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Sunday, November 13, 2011

Ask An Adoptee: Married First Parents

I have often wondered how adoptees feel about learning that their first parents have married after giving them up? Would you be comfortable elaborating more on that?

My adoption file was very confusing for me.  I assumed that nobody ever knew who my father was because my adoptive parents never said anything about him.  Yet there he was on my non-identifying information.  And his family didn't know about me.  So I assumed I was the product of a one night stand (Turns out my mother hid her pregnancy, he was in basic training for the army reserves so wasn't around, and while she saw his family all the time, nobody ever realized she was pregnant with me).

When I went searching, I looked for my first mother.  I had her first name and birthday (as well as his first name and birthday).  I sent away for a report that would tell me all the people with that name and birthday born in the state.  I figured a bunch of names would come back.  There were only two.  And they also listed family members.  And one of them had the same first name as my first father.  And the free online birthday database confirmed it was him.  She was married to my first father, or at least had been at one time.

I remember staring at the computer screen wondering if I was reading that right.  Then I did some more Google searching using the names I had found.  And I found my youngest sister's birth announcement.  They were defiantly married, and had two more children.

I personally was thrilled.  I was so excited.  I was scared that I was the product of two people who didn't love each other.  They were married, had two other children, and his Facebook profile picture was one of the two of them.  So they must have been happy.  And that made me happy.  It's surprising to me now because I would have assumed I'd be angry.  But to be angry never crossed my mind.  It never entered into the picture.  I was just happy.

Them being married however makes things a lot more complicated.  They don't agree on how to handle me.  One would prefer not to deal with me while the other wants very much for me to be included in the family.  It makes things harder because it did hurt my relationship with my first mother when I got in touch with my first father.  I made her deal with their differences.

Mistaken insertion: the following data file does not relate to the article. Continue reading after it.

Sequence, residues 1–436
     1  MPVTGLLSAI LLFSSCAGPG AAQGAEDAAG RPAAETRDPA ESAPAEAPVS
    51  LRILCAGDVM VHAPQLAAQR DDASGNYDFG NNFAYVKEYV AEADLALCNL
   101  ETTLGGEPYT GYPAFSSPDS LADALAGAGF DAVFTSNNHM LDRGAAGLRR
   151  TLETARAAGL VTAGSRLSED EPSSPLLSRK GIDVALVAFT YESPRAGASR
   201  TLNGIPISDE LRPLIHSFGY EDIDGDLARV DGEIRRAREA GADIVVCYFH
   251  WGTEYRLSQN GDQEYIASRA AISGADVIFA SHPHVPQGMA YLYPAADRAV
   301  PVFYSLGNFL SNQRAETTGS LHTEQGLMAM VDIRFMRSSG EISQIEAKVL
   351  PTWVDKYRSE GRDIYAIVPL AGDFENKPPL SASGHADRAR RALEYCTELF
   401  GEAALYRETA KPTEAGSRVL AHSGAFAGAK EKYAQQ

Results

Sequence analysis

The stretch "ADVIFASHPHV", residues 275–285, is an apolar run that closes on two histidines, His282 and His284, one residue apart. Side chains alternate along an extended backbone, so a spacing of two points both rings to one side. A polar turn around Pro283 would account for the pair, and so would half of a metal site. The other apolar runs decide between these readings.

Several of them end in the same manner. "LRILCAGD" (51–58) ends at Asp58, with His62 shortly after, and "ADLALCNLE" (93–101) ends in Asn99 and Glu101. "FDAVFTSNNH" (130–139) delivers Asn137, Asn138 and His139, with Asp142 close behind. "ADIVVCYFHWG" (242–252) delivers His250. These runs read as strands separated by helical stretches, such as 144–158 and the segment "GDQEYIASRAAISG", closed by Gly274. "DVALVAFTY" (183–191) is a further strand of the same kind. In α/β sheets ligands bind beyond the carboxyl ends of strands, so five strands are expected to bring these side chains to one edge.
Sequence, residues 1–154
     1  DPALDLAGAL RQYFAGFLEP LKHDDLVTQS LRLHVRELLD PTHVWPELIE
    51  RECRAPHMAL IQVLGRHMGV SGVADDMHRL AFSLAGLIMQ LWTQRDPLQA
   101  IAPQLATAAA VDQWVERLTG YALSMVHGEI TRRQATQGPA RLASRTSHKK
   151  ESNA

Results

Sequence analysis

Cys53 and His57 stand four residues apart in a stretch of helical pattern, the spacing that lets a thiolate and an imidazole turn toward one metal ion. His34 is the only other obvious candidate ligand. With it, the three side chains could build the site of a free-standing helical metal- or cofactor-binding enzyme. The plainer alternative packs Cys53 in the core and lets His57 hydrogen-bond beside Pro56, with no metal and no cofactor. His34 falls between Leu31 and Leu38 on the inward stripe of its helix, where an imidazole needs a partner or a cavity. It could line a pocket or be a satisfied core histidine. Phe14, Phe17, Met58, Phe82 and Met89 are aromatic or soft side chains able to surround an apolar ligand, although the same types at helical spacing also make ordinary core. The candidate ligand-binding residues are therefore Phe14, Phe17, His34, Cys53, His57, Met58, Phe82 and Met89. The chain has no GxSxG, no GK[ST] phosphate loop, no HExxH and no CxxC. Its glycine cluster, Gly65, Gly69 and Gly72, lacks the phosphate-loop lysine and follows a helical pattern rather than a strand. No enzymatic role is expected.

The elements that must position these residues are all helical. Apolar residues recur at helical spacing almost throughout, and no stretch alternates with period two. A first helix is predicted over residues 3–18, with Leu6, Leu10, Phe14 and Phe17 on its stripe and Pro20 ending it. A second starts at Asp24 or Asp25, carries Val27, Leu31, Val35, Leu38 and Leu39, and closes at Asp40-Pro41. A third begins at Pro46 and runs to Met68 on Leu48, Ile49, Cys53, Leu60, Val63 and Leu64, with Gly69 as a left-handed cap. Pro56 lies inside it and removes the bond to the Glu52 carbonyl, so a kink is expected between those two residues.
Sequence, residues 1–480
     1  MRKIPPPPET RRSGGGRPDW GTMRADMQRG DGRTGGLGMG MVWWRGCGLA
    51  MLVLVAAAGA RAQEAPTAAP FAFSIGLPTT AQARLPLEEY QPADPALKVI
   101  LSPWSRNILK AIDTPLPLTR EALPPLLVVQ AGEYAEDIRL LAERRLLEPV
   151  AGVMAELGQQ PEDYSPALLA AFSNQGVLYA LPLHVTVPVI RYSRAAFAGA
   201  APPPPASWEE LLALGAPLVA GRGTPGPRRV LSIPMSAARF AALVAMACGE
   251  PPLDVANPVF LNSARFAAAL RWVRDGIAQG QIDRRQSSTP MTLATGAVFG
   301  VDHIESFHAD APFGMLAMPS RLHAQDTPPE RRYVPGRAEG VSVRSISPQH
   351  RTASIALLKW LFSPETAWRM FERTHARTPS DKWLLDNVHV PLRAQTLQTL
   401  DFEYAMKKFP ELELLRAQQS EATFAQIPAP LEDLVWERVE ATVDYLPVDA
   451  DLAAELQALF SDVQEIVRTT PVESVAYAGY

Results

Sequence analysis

It would have been easier if they were totally separate and I could deal with them separately.  If my first father wasn't stuck in the middle.  If my relationship with him didn't have her hanging there as a ghost.  I've read that parents who are married are more likely to reject their children when they come knocking.  It doesn't surprise me.  They have found a way to make it work (they just don't talk about me or deal with me together) but it's not easy.  He lives an active lie each and every day.  I can't even imagine what he goes through on a regular basis.

But as hard as it is, I still am happy that they ended up together.  I like that at the end of the day, they have each other.  And that I share the same parents with my sisters.  I like that my sisters grew up in the family unit I would have grown up in.  It's a nice thing to think about.  I could be angry about it, but I'm not.  It is what it is.  It's in the past, and I can't change it and insert myself in the picture.  I can just hope that in the future, I'll be able to fit in somewhere.   


  1. My parents were married when I was born, and got their marriage annulled after. They married when they learned mom was pregnant. I saw movies of their wedding reception in my father's parents large house. My parents were planning to live an apartment attached to their house with me. Then they suddenly changed their minds. I don't know why. They made arrangements for my adoption, and drove me miles away to the agency as soon as i was released from the hospital. They took turns holding me as they completed the paperwork necessary, then left me there. They returned two weeks later to sign the final paperwork. They lived together as man and wife for some time, I'm not sure how long, and then my mother left, I think. No one will tell me what happened. My parents told their families that I died at birth. There was no memorial service. They were 19 and 22. they had been seeing each other for about 4 years.

  2. Struggling Fulcrum11/14/2011 2:39 AM

    OH My Freaking Gosh -

    I LOVE YOUR BLOG !!!!!!!!!!!!!!!!!